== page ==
With the addition of Manitoba, Saskatchewan is now joined by Ontario and Prince Edward Island in opposition of the federal carbon tax. It’s a far cry from October 2016 when the framework was first announced and Saskatchewan stood alone in defiance.
It’s not the only change Canada’s political landscape has seen since Justin Trudeau became Prime Minister in 2015. At the time, Brad Wall was the lone conservative-leaning premier.
Following New Brunswick’s election recounts the still-governing Liberals have 21 seats and the Progressive Conservatives hold 22 seats. The People’s Alliance and Green Party each have three seats. Twenty-five are needed to form a majority government.
While different provincial elections that saw Liberal governments defeated all had differing factors, Akin saw carbon tax opposition as a common denominator.
Ontario Premier Doug Ford met with Sask. Premier Scott Moe Thursday in Saskatoon, and is holding an anti-carbon tax rally with United Conservative Leader Jason Kenney Friday in Calgary.
WATCH: Trudeau says it’s ‘unfortunate’ more provinces pulling out of carbon tax
“Presumably, if Ford can get more and more provinces on board he may not need the courts to get the carbon tax stopped, he might just build enough political will that the federal government has to go back to the drawing table,” Akin said.
Ford has said that Ontario will support Saskatchewan in its legal challenge against the carbon tax.
Akin added the federal Liberal Party is closely identified with their provincial counterparts in Ontario and Quebec. Both those parties saw their worst performances ever in provincial elections.
The Coalition Avenir Quebec plans on keeping a cap-and-trade system, unlike other now centre right provinces.
University of Regina political science department head Jim Farney said he sees carbon tax as a free market emission solution, and believes opposition is bolstered by a less economic factor.
WATCH: Trudeau responds to Doug Ford’s rally against carbon tax
“I think a lot of that popular push-back is really being derived by that sense of provincial autonomy and a sense to protect the autonomy of provinces over economy,” Farney said.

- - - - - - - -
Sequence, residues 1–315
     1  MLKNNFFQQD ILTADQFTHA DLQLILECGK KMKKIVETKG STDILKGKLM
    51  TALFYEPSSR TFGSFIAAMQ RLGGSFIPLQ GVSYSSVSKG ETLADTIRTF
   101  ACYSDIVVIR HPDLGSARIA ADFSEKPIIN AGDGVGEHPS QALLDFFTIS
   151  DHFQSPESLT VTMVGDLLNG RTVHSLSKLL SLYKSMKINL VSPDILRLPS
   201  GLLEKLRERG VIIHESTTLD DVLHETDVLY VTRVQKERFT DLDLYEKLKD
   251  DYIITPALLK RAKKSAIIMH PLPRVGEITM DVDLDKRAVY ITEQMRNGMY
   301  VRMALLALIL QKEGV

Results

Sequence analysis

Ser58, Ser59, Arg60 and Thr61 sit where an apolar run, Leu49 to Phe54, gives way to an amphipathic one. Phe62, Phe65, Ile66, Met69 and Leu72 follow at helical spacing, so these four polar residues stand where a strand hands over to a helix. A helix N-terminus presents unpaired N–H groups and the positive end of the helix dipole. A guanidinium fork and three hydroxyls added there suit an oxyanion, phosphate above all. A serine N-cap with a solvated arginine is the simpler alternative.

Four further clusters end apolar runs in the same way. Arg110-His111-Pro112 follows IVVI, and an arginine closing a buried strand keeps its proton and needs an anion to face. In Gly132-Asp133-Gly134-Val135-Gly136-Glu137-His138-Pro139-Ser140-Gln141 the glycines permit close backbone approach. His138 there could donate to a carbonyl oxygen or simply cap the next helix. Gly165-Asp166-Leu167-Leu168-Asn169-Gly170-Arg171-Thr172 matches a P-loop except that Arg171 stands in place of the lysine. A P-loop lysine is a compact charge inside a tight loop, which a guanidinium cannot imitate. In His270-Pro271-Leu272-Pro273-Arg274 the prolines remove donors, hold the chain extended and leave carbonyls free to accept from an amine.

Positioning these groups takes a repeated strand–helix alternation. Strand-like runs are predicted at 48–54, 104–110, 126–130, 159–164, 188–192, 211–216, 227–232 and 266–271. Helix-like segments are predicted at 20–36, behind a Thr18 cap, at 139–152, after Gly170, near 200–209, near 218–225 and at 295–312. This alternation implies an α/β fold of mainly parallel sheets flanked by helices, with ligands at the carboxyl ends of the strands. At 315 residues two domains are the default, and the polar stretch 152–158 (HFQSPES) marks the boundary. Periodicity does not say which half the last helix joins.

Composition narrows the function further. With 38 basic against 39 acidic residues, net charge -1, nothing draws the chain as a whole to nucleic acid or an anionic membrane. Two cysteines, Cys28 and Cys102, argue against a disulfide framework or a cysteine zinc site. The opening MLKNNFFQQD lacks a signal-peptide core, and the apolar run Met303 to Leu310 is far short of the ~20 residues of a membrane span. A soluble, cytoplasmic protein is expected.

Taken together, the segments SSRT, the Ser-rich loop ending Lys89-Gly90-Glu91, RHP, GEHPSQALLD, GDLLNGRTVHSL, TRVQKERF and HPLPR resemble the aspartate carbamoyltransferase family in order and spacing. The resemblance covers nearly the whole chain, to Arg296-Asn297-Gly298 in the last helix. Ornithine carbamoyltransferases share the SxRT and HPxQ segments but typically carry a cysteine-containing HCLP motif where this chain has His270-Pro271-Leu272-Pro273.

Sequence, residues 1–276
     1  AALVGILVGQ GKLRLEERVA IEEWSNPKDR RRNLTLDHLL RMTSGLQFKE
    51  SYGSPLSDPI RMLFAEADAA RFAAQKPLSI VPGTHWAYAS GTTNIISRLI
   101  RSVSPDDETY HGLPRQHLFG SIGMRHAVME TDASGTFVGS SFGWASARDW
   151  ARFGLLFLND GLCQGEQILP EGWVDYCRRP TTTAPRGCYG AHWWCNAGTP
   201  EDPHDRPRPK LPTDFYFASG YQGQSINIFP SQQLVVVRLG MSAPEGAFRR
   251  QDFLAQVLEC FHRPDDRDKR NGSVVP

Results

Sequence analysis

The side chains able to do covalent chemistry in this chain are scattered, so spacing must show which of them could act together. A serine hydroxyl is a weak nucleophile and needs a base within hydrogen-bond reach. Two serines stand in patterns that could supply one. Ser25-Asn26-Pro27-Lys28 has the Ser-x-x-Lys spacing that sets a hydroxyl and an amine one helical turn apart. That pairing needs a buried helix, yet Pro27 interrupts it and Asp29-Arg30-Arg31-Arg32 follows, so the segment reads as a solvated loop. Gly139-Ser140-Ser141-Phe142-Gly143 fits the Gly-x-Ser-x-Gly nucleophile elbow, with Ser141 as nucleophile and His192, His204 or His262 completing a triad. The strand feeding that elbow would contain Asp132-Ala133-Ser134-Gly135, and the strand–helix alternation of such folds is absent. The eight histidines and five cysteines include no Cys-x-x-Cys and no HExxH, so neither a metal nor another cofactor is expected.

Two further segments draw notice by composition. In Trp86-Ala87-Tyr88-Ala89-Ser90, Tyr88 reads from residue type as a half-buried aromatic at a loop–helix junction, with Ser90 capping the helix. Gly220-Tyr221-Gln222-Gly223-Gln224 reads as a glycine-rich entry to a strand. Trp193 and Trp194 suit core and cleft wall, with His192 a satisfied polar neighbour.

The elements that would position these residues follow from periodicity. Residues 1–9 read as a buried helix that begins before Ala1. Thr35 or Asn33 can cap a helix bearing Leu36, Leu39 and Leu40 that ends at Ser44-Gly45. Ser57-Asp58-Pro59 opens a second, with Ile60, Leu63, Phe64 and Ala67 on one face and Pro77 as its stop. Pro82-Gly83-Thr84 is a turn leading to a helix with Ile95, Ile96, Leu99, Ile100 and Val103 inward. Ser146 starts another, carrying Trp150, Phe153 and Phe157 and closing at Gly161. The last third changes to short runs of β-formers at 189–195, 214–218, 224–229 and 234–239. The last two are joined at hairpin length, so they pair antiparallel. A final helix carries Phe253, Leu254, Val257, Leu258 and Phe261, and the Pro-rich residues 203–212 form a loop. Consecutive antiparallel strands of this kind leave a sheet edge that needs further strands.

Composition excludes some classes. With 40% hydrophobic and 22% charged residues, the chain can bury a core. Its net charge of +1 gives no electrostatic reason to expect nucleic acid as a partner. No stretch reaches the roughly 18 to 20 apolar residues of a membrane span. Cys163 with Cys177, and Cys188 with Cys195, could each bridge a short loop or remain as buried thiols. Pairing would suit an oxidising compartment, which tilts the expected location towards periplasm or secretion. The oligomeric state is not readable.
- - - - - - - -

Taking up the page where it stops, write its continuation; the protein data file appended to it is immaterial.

Earlier this week, Manitoba Premier Brian Pallister scrapped that province’s carbon tax plans, arguing Ottawa would take away provincial autonomy by not accepting $25 per tonne over $50.
Both Farney and Akin agree both Ontario and Quebec electing right leaning provincial governments will pose a challenge for the federal Liberals next year, but they aren’t counting out Trudeau.
“It’s not uncommon for us to have the provinces all look blue or all look red and have the opposite colour federally,” Farney said.
“The really big question mark in terms of the federal election, I think, is Quebec. If their election confirmed anything it’s that block of folks who are a core part of the liberal base are deeply unstable and we don’t really know how they’re going to vote.”
“If you’re a federal Liberal and you’re going to succeed in Ontario and Quebec next year; there might be a little bit of concern,” Akin said.
However, Akin added the polls over the past three years show the Liberals hold a “reasonable” lead over the federal Conservatives. Akin doesn’t see that changing unless the federal NDP show more signs of life.
“If you talk to Conservatives anywhere, and I’ve talked to Conservatives in Saskatchewan, federal Conservatives who are worried about their chances unless the NDP can get off the ground and do a bit better,” he said.
Farney sees a different route for the Liberals to contend with the blue Conservative tide – paint Ford and Andrew Scheer as Canadian Donald Trumps.
“Run against that strawman, just say that listen – ‘Trump is not Canadian. Ford, Scheer and Trump are all the same creature, so you have to vote for us’. I think that will be their core messaging,” Farney said.
The 2019 federal election is just over a year away, scheduled for October 21.